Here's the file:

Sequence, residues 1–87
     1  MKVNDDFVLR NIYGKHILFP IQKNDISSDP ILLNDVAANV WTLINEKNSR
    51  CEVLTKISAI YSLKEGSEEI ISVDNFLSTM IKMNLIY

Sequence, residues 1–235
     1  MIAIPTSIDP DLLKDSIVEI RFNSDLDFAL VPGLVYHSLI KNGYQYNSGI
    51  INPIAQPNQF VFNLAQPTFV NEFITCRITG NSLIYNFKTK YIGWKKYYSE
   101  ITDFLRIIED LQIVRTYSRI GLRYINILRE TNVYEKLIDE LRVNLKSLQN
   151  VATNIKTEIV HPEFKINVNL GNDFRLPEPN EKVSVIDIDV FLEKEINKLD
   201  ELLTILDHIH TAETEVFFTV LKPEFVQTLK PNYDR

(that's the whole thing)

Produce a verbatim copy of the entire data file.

Sequence, residues 1–87
     1  MKVNDDFVLR NIYGKHILFP IQKNDISSDP ILLNDVAANV WTLINEKNSR
    51  CEVLTKISAI YSLKEGSEEI ISVDNFLSTM IKMNLIY

Sequence, residues 1–235
     1  MIAIPTSIDP DLLKDSIVEI RFNSDLDFAL VPGLVYHSLI KNGYQYNSGI
    51  INPIAQPNQF VFNLAQPTFV NEFITCRITG NSLIYNFKTK YIGWKKYYSE
   101  ITDFLRIIED LQIVRTYSRI GLRYINILRE TNVYEKLIDE LRVNLKSLQN
   151  VATNIKTEIV HPEFKINVNL GNDFRLPEPN EKVSVIDIDV FLEKEINKLD
   201  ELLTILDHIH TAETEVFFTV LKPEFVQTLK PNYDR